Our multi-million dollar fleets of Predators and Reaper drones are quickly becoming the exception rather than the rule. As UAV technology continues its breakneck advance, the cost of producing even high-performance ISR drones is plummeting. This new UAV, for example, is so inexpensive and quick to create that it's practically disposable.
Dubbed the Razor by its creators at the University of Virginia, this 1.8 pound, 4-foot-wide flying wing is powered by a single prop and controlled with nothing more than an Android tablet—which communicates with an onboard 4G Nexus 5 "brain"—from up to a mile. It can also plot its own autonomous course using GPS.
The current iteration is capable of hoisting another 1.5 pounds worth of surveillance gear for up to 45 minutes and airspeeds reaching 40 mph. Earlier prototypes could notch 120 mph but those sorts of speeds drained its power reserves too quickly—even with the drone's ability to hot-swap fresh power packs.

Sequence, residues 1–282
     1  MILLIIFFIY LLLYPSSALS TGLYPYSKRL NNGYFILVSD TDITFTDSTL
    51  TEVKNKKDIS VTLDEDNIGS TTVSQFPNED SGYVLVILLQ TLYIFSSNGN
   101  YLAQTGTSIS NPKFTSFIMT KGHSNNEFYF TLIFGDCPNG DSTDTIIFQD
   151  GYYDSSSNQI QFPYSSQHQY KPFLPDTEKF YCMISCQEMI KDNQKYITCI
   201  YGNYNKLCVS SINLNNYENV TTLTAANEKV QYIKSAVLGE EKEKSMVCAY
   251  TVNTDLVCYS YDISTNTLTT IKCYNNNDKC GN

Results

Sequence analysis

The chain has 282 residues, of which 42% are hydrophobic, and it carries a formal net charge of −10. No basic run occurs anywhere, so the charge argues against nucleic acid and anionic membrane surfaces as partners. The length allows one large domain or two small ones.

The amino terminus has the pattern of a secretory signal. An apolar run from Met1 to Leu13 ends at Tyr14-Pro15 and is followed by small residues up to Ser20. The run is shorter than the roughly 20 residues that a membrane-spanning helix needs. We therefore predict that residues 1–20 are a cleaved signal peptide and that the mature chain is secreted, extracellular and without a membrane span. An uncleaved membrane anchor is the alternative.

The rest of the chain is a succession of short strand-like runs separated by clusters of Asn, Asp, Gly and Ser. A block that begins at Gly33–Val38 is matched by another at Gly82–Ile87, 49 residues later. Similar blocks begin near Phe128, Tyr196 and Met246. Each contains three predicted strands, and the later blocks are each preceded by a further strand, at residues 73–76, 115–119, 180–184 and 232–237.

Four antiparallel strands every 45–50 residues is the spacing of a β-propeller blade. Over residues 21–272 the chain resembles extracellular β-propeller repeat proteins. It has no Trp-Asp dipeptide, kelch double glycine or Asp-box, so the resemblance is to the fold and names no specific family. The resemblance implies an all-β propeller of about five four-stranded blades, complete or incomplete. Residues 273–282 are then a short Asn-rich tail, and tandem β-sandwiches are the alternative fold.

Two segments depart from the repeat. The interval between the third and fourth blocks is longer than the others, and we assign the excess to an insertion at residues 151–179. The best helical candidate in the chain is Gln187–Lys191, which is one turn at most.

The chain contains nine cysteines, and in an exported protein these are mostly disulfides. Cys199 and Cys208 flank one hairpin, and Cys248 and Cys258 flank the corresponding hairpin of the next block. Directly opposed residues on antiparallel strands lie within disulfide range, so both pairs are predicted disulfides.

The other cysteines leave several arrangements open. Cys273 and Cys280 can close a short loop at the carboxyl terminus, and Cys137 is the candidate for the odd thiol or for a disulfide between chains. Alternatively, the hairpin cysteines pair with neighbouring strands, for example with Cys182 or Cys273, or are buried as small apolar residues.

The DoD-funded project has been in development for three years and is currently testing its third prototype: a 9-piece flyer constructed from interlocking ABS plastic components. Producing all nine pieces takes 31 hours on a commercial 3D printer at a total cost of $800—throw in the tablet and other support gear and you're up to $2500, though that's still way cheaper than what you could build them for conventionally.
They're so inexpensive, in fact, that the idea is to simply print each one out as the situation dictates. Minor design tweaks can modify the vehicle's handling, speed, and size and a new unit created in just over a day. And if you crash one into a tree or Somali warlords shoot it down, who cares? You'll have a new one sooner than Amazon could Prime ship it to you. [UVA via Wired]